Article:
spk07: Yeah. I think the other thing I'd want to emphasize and then check is if we didn't answer all your questions, the one thing you'll have to realize here too is we're, and have been bringing in goods that will sell next year as well at these very elevated rates. So there will be a component. I think I addressed this a bit in the prepared remarks. A bit of this is in our inventory still and will end up running through the first couple of quarters of next year. We're still in the process of trying to get a comfort level on how much that looks like it will be, but you'll see this impact with us, unfortunately, for the next couple of quarters.
spk06: For the most part of the balance sheet, we've already paid for this, so it's reflected in our balance sheet numbers.
spk08: Yeah. All right. Thank you very much. Appreciate it.
spk06: You bet.
spk03: And as a reminder, if you have a question, please press star, then one on your touchtone phone. If you wish to be removed from the queue, please press the pound sign or the hash key. If you're using speakerphone, you may need to pick up the handset first before pressing the numbers. Again, if you have a question, please press star then 1 on your touch-tone phone. And please be patient while we're gathering the questions. Again, it's star 1 to ask a question. Please be patient while we're gathering questions. And we have Martin Byrne from J.C. Clark. Question, please go ahead.
spk04: Yeah, thank you very much. You mentioned the international side, which is growing from a very low base. Internally, what are your expectations for this growing part of your business, medium to longer term, as a percentage of the overall revenue mix?
spk06: You know, we're still kind of learning as we go. We're still ramping as we go. I would say we try to benchmark some other retailers and what they've seen. And, you know, it wouldn't be, you know, it wouldn't be out of bounds to think that over three years or so you might, you know, be able to get 20% of your pure Omni in terms of growth there. I think importantly, though, we're making a lot of networks and building a brand in a lot of countries. And actually in the name of some bigger orders with distributors and wholesalers, they're looking for things particularly on the selling side. So I think it's exciting. As we said before today, our Blue Ocean Initiative really, you know, reinventing sewing and the digital offerings that we'll have there apply to every sewer on the planet, too. So in conjunction with Singer and leveraging what we're building out there, we think we're going to be able to do some very interesting things over time as well.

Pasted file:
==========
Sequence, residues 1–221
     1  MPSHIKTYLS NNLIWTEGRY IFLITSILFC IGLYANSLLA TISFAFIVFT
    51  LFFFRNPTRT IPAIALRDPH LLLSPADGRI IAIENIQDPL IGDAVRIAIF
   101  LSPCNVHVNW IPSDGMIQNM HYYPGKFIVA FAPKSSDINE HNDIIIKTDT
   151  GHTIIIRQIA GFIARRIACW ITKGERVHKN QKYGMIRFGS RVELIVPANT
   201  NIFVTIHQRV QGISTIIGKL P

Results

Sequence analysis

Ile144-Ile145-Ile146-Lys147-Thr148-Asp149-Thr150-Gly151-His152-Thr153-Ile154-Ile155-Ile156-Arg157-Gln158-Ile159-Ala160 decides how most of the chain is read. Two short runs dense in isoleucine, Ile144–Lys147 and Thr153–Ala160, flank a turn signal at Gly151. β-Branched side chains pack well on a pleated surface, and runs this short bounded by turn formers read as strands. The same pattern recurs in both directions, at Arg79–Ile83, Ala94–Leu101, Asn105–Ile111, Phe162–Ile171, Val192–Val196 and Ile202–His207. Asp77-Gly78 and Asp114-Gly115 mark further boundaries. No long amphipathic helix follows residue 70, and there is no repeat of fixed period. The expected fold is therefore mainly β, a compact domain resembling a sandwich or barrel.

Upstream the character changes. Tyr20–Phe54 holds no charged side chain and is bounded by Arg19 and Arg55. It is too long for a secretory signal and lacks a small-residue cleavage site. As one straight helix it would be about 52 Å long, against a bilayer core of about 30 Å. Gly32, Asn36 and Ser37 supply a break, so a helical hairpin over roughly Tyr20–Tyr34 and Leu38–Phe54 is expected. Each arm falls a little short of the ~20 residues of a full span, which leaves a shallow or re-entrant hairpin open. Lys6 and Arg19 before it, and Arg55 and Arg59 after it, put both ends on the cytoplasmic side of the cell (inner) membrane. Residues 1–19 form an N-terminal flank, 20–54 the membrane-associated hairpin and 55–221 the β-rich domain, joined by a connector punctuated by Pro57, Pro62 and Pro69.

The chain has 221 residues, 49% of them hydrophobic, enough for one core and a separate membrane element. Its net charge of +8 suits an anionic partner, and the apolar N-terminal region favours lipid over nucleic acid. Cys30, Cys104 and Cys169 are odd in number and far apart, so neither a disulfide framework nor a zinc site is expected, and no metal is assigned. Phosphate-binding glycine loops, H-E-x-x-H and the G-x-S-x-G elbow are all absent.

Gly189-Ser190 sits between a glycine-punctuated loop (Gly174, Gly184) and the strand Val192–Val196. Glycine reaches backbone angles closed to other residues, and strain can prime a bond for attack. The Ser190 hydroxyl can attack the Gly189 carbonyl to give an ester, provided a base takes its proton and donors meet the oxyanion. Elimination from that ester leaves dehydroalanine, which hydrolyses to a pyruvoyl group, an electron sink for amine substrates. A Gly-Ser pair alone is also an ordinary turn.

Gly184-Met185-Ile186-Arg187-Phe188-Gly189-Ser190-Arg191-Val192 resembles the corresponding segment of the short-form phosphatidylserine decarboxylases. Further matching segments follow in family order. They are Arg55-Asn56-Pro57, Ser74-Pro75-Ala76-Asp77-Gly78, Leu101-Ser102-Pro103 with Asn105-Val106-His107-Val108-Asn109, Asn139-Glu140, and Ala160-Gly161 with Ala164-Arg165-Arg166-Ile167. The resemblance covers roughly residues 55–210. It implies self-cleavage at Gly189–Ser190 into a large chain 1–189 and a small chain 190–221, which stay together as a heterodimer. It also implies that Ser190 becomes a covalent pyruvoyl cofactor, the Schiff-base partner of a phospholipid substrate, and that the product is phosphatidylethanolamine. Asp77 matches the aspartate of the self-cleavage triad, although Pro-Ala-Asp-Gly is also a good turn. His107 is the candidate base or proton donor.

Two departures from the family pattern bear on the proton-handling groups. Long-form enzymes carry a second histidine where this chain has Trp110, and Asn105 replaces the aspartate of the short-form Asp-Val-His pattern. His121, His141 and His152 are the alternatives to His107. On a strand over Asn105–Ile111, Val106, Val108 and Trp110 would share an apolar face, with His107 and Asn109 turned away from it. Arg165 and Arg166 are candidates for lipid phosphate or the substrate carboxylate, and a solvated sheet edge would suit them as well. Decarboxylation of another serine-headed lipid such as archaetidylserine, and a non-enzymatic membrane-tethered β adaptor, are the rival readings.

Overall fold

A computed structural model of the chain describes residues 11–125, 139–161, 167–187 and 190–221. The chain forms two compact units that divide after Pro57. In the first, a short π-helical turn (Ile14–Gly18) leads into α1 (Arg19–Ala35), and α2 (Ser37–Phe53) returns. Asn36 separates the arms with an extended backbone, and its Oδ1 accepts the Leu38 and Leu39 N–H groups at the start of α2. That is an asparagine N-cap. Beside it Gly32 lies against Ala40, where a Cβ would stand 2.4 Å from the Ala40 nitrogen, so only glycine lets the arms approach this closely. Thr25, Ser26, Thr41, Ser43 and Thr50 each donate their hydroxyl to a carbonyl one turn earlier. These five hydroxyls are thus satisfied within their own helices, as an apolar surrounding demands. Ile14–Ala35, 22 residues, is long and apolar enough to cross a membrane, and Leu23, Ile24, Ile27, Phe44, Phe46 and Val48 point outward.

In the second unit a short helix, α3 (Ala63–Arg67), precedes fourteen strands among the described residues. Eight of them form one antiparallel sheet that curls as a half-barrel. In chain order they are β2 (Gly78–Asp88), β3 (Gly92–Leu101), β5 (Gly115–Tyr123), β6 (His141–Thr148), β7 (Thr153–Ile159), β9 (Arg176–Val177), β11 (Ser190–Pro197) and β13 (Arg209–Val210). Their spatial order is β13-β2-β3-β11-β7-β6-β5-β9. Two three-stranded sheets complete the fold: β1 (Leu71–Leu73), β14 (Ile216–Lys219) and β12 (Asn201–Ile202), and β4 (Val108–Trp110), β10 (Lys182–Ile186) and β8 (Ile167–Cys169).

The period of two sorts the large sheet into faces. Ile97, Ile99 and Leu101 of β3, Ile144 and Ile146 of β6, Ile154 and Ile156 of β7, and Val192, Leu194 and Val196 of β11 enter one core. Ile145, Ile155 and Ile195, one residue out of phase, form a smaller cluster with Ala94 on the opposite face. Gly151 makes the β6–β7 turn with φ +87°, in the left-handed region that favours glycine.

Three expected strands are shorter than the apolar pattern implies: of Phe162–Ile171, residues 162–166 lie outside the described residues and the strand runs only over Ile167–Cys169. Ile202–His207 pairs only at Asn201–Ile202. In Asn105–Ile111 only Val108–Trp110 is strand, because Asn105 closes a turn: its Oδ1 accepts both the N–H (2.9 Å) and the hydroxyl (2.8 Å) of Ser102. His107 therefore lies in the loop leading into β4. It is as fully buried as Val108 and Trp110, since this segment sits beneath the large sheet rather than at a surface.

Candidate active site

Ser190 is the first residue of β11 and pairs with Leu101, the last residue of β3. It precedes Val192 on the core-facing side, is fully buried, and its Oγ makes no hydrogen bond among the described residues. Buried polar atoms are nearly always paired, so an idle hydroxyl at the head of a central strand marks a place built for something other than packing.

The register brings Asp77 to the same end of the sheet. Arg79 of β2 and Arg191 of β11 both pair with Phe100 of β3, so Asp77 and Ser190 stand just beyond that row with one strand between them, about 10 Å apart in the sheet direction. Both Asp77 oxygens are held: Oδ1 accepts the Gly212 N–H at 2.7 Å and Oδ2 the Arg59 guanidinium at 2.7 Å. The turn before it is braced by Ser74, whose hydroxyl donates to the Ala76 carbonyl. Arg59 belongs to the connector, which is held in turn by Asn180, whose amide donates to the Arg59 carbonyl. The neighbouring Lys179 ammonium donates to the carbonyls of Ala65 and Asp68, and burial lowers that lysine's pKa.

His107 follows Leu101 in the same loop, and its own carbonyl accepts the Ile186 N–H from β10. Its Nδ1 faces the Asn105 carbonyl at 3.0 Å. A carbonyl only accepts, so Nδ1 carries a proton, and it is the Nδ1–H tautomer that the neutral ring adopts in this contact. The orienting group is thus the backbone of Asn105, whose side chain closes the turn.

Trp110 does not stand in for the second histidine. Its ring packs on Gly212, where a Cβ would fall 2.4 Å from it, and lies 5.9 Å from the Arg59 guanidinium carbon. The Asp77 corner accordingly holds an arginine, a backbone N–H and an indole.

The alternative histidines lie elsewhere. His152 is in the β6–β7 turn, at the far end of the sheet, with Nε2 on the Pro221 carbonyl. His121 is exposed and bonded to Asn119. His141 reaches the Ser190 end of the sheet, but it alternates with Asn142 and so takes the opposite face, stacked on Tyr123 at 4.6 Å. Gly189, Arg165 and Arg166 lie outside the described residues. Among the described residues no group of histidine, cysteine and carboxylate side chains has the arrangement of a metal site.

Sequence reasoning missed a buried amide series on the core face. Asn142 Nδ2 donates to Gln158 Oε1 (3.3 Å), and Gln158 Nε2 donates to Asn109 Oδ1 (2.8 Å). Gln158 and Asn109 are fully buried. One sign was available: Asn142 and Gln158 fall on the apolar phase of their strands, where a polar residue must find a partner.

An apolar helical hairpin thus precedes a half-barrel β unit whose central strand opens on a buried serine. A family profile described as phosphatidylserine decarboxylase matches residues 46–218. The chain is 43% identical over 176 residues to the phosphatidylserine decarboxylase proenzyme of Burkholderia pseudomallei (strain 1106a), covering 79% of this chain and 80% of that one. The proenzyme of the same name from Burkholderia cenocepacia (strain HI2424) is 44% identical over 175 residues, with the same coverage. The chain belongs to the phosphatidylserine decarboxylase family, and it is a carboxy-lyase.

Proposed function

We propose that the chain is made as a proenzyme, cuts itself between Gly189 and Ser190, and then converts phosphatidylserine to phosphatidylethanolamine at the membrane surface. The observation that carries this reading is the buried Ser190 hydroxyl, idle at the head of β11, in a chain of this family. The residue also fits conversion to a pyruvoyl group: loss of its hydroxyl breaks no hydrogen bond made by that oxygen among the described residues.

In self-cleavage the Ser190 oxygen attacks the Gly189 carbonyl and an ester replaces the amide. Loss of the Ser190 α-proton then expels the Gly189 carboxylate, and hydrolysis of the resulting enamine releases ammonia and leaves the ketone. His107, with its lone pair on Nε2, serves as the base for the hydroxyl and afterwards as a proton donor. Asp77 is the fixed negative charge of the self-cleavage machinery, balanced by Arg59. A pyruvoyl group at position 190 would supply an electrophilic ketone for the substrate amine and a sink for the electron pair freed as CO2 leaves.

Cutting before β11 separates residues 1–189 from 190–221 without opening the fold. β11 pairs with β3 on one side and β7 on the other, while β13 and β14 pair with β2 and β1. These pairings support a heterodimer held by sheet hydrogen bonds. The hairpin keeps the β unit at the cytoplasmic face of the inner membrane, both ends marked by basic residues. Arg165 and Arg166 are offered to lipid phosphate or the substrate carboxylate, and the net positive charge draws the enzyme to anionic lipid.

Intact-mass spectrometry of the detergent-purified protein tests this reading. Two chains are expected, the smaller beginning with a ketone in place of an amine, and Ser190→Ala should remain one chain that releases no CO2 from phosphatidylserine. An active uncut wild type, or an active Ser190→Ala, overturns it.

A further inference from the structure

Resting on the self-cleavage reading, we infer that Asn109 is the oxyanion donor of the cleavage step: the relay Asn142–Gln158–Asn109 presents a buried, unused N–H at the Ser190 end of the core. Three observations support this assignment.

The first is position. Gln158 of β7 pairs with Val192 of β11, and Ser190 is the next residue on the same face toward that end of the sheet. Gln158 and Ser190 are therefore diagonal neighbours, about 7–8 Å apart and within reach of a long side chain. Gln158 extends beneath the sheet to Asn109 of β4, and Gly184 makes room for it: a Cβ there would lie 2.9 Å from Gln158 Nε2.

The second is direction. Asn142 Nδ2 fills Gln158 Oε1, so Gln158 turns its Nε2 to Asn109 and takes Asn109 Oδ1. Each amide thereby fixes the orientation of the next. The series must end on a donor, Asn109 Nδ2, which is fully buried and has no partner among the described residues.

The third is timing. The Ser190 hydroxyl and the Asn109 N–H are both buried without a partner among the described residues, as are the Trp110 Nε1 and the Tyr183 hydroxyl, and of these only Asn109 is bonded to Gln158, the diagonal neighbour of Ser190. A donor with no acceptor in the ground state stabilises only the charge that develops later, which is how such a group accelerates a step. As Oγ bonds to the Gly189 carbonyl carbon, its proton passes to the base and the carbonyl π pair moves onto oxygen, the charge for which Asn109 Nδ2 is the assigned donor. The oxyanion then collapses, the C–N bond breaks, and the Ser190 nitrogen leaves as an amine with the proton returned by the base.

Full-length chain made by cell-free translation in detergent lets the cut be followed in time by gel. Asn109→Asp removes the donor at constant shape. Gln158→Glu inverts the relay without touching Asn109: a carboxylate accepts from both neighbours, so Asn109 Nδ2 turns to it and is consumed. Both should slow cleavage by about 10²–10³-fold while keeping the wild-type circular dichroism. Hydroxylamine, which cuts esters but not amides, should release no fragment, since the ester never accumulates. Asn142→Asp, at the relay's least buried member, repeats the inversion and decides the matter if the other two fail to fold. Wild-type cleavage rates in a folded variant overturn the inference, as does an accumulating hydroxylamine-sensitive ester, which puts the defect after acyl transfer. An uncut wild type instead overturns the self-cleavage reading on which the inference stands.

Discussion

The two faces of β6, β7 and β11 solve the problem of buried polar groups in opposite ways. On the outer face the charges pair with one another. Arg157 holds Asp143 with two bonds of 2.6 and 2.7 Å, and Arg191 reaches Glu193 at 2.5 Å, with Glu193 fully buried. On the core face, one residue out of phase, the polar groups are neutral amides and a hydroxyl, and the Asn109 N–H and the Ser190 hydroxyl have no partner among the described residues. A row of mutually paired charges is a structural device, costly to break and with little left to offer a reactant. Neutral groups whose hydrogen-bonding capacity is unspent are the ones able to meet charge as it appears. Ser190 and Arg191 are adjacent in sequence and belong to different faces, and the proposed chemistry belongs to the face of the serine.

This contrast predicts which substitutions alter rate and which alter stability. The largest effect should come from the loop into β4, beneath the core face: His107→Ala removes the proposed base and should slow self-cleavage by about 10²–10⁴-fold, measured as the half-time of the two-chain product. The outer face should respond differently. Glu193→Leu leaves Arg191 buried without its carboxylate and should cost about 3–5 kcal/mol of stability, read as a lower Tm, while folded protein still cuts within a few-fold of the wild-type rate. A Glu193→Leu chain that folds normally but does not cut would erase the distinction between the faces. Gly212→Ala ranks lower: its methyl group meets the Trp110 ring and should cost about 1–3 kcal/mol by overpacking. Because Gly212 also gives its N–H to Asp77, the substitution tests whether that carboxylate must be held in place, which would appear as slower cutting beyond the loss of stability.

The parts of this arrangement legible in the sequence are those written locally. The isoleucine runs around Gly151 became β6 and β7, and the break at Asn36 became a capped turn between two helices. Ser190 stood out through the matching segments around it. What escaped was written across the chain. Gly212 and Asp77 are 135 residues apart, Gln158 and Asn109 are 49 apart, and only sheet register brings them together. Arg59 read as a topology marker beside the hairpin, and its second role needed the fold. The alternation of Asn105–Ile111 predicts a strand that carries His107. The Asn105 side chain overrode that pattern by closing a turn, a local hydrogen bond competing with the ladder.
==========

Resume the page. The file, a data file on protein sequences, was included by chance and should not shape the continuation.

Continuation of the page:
spk04: Would that obviate the need to establish a bricks-and-mortar presence or brand in the European or other markets? In other words, basically piggybacking the Singer brand as opposed to building or acquiring a regional brand and growing it from there?
spk06: These initiatives we think we can really build out without any bricks and mortar investment, especially the digital ones, but the other ones we can do via our assets here or via partners in places. Our strategy is to make this brand more ubiquitous and create value. Again, we can do it without investing in any bricks and mortar.
spk07: I think one of the unique things about the partnership we announced earlier today, too, is it's a key advantage of having Singer as a partner is they have a very robust dealer network throughout dozens of countries around the world.
spk06: 190, including the U.S., too, to augment what we do.
spk04: All right. Okay, and one other question very quickly. How much of a debt reduction do you experience or draining those inventories, that working capital down from NQ3 to NQ4? How much is typical during that three-month period as you go from the high end to the low?
spk06: As Matt said, we'll end the year, we think, around $700 million in net debt. So, you know, dealing with the net debt for the quarter to the net, that's really, you know, almost all just driving the business with the working capital already paid for.
spk04: All right. Okay. Thank you very much.
spk06: You bet. Thank you.
spk03: And that concludes the question and answer session. I'd like to turn the call back over to management for any closing comments.
spk06: Well, look, I want to thank everybody for getting on the call, especially evening call. for some of you, but I appreciate the support very much. We couldn't be more optimistic about the business as we go forward here. We think we've got tremendous opportunities across all of our customer tiers, all of our business segments, all of our geographies, our core, and our blue ocean, and we're excited talking to you more about it as time unfolds. So, again, thanks for listening. We appreciate you.
spk03: Thank you, ladies and gentlemen. This concludes today's conference. Thank you for participating. You may now disconnect.